A new report from the provincial seniors advocate has painted a sharp picture of how the COVID-19 pandemic has drastically changed the quality of life in B.C.’s long-term care homes in light of visit restrictions.
The report, issued this morning by the office of B.C. Seniors Advocate Isobel Mackenzie, surveyed 13,000 residents of long-term/assisted living facilities and affected family members with loved ones in a home.
The results showed how limited the visits are now when compared to non-COVID times, with 30% of the currently allowed visits being restricted to take place outdoors only, 65% being observed by facility staff at all times, and a whopping 70% of visitors who reported not being able to touch their loved ones.
In fact, only 21% of current visits are allowed to take place in the privacy of a senior resident’s own room. That, said Mackenzie, presents a major challenge to the seniors’ quality of life because – prior to COVID - the vast majority of visiting families were performing “essential care” (i.e. personal care, grooming, feeding and mobilization) for their loved ones.
“When we started visit restrictions, the goal was to ensure residents in long-term care and assisted living were kept safe from COVID-19,” Mackenzie said in a statement. “Eight months later, we need to ask the question: What are we keeping them safe for if it is not to enjoy the time they have left with the ones they love?”
Mackenzie noted that while 151 senior-home residents have died from COVID-19 since the pandemic began locally in March, more than 4,500 other residents have died during that time from non-COVID causes. Those seniors died living “their final months, weeks and days in relative isolation, unable to spend time with those they loved most,” Mackenzie added.
“The Provincial Health Officer and the Government of B.C. have my profound gratitude for their quick and comprehensive actions at the beginning of this pandemic,” the statement read. “Many lives were undoubtedly saved. However, residents and family members now recognize the pandemic will continue for many more months, and the survey makes it clear they are asking for more time with their loved ones.”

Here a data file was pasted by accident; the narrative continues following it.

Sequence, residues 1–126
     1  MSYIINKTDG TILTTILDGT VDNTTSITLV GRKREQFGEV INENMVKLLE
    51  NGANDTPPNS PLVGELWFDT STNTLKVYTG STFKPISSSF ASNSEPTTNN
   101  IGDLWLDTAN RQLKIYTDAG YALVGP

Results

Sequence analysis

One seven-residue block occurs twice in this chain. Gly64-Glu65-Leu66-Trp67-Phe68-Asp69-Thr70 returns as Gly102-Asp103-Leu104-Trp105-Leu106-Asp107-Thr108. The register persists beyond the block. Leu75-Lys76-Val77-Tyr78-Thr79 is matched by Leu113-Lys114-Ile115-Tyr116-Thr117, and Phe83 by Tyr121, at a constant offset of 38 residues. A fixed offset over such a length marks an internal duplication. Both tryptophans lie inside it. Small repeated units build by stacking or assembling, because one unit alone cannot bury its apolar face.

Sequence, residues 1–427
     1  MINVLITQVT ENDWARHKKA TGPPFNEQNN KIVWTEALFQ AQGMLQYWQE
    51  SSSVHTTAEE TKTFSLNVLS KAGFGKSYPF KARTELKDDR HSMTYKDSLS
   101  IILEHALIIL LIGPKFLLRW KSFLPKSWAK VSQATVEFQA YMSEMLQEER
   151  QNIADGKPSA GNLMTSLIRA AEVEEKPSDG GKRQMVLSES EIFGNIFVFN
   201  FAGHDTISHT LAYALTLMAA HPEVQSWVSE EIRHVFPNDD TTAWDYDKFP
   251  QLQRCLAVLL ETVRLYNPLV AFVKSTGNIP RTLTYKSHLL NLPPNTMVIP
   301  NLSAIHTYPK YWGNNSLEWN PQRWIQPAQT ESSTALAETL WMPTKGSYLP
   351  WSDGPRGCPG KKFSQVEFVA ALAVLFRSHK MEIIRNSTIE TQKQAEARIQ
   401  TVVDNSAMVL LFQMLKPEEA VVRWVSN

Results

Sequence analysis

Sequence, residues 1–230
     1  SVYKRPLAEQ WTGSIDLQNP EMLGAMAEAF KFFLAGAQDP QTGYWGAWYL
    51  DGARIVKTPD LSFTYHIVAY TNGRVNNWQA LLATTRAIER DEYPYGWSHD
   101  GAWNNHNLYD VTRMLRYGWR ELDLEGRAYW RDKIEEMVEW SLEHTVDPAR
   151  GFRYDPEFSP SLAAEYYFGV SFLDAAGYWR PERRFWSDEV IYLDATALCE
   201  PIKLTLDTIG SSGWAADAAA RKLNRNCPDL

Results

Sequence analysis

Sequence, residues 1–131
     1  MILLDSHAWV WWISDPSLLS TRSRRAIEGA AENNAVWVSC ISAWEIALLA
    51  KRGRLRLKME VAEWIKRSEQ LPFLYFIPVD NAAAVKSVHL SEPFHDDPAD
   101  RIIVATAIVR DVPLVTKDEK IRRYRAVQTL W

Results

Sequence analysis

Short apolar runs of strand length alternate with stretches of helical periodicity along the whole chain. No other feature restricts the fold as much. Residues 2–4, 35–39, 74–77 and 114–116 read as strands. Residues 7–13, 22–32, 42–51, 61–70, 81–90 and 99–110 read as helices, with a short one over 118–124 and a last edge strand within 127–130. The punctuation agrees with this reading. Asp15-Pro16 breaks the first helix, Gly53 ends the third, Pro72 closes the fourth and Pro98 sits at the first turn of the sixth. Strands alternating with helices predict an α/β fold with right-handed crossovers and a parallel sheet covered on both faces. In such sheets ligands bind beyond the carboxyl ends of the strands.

The report also showed other signs of negative health impact at long-term care homes stemming from the isolation, such as a “substantial” increase in the use of anti-psychotic drugs as well as rising instances of weight loss and depression.
As such, Mackenzie is recommending to the provincial government to set a new balance between COVID concerns and senior residents’ mental health needs, allowing social visitors to homes in a way that reflects that new balance. Also, the report recommends that care homes set up designated essential care partners within the homes’ population to mitigate the impact of fewer visits, as well as the creation of an association of resident and family-member councils to keep officials up-to-date.
The full report can be read at the Seniors Advocate BC website.